was a surprise and
a disappointment -- I thought Ni-Ni 1.1 volt cells were a "sure-fire"
fallback plan! It turns out
nickel is a great thing to use if you want to generate hydrogen because
of its especially low hydrogen overvoltage. However, a
combined electrode of nickel and manganese (made as a "+" and tested as
a "-" on a whim!) didn't bubble much as far as I could hear. But it
also didn't hold charge. Transition metal additives such as tin,
bismuth, gallium, indium or antimony (or oxides thereof) can be used to
increase the hydrogen overvoltage. Experiments continued along these
* Albumin, the stuff of egg whites, turns out to be a major increaser
of hydrogen overvoltage. Even minute amounts might raise it by up to
1/2 a volt. This discovery (made in 1964 but not mentioned in any
battery literature I've found) makes
the experiments more promising. It may prove to be a key ingredient.
* I am currently charging an electrode with 60% Ni(OH)2,
40% Mn, 1% Sb4O6, and a smear of egg white. And I added a
bit of Sodium Borate (borax) to the electrolyte. It's taking its own
sweet time 'forming' - weeks - but it's gradually holding more voltage
longer and may eventually (sometime next month) prove to be the working
negatrode for that elusive 2 volt cell.
In looking for anything authoritative on the life
expectancy of lead-acid batteries treated with sodium sulfate (or
alum), I found an interesting story: In about 1998 someone with Hot-Rod
Magazine designed an 'ultimate' lead-acid battery.
It had spiral plates (Planté's original 1860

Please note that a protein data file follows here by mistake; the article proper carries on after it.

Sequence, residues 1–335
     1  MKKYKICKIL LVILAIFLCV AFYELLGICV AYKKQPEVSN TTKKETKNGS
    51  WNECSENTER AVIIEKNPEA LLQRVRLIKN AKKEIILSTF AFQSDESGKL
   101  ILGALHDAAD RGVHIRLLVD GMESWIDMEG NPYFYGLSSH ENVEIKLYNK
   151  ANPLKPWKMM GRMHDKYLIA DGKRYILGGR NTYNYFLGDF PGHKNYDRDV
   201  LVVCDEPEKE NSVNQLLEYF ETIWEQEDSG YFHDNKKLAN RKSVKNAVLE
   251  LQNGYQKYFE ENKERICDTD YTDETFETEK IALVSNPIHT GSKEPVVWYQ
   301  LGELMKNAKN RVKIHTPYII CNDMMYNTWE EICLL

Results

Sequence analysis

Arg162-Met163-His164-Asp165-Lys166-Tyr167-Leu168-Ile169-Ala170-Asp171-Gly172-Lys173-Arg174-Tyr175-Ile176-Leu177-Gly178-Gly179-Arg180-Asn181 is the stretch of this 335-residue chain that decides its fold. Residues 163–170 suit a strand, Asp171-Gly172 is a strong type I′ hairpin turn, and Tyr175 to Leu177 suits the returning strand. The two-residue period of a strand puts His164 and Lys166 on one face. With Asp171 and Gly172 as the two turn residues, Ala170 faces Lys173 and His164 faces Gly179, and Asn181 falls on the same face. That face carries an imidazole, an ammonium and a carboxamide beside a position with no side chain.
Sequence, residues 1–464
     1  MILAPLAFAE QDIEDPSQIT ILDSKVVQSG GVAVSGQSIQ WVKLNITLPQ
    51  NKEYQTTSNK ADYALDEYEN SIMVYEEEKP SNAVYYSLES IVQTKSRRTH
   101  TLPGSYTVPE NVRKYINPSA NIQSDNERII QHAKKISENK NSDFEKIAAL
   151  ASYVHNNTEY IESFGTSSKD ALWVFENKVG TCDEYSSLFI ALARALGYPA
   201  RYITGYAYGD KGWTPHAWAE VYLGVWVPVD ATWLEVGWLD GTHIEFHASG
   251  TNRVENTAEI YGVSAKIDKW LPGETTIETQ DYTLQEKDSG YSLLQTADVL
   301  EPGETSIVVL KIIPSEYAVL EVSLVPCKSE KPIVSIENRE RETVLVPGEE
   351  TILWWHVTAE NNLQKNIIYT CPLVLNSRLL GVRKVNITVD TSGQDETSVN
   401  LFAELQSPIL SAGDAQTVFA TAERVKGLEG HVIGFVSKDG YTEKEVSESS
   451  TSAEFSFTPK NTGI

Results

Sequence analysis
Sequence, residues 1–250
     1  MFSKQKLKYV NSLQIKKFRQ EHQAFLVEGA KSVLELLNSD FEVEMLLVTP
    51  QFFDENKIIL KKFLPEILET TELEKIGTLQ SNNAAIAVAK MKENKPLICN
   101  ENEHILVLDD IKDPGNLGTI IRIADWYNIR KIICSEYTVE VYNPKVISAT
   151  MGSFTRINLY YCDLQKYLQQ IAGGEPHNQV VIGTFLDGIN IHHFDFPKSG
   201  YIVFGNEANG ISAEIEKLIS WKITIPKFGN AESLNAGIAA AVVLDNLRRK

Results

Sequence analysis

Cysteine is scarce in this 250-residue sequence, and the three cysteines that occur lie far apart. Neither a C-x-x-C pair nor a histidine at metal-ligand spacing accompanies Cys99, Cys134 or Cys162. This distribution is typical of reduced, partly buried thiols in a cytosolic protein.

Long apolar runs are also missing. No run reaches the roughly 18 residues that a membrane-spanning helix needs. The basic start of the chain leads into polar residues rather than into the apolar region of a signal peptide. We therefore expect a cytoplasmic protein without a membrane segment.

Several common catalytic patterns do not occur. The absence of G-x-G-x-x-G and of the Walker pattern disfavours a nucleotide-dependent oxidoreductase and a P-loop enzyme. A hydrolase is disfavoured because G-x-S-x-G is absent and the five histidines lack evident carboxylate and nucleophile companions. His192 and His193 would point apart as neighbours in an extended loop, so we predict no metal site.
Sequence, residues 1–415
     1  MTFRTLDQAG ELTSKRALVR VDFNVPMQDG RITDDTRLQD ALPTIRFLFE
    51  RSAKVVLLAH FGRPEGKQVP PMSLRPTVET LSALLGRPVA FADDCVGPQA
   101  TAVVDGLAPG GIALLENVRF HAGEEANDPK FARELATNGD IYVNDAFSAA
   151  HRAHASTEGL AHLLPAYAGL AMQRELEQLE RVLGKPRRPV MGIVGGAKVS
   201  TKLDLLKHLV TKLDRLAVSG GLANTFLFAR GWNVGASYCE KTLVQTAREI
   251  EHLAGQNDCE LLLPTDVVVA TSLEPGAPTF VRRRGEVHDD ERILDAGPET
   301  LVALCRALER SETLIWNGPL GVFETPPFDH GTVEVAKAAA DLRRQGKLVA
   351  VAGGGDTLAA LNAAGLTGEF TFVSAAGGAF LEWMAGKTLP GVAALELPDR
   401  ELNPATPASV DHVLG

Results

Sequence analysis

format), calcium and silver in the plate grid for durability and
conductivity, "paste expander" in the negative plates for greater
sodium sulfate. According to the article, the
sodium sulfate was supposed to "help them accept a charge more quickly
and hold it longer". It was expected the batteries should last "22%
The magazine approached Interstate batteries, who agreed
to manufacture them. Seems they dropped the "Hot-Rod" name called it
the "Optima" line of batteries. (...and we thought a battery company
came up with
these (known techniques) innovations on their own? Hah!)
Canadian Electric Vehicles got some of the early
Optima prototypes, and according to the owner, the difference was
amazing: they lasted five years in an
electric car instead of "the usual 1 to 1-1/2 years". Then they
couldn't get more for some years - they weren't in production. Finally
Interstate supplied more, but the new ones only lasted 1-1/2
I suspect what happened was this: Interstate management
made the decision to make the "Optima" batteries on their own in
conjunction with Rod-Rod magazine, and put them into production. When
the corporate shareholders - doubtless the same clique who control big
oil and the automakers, who think life is just a big game of Monopoly
where they get to make the rules - found out how long the batteries
actually lasting, they were as horrified as the customers were
overjoyed, and had production halted.
Then Interstate continued making them, either without the sodium
better yet, with a tiny quantity that won't
do much good. That way they can now say, "Yes, they contain sodium
sulfate." and leave people to draw the "obvious" conclusion that sodium
sulfate doesn't make a big difference.
So I'm pleased to have worked out by experimentation a
fairly optimum amount to put in and to spread the word about it. As I
feared, I'm hearing more and more in recent months about 'sealed'
batteries with glued-on lids that you can't easily get into, seemingly
a diabolical countermeasure to finding that people are discovering
how to access this piece of "suppressed technology" for themselves.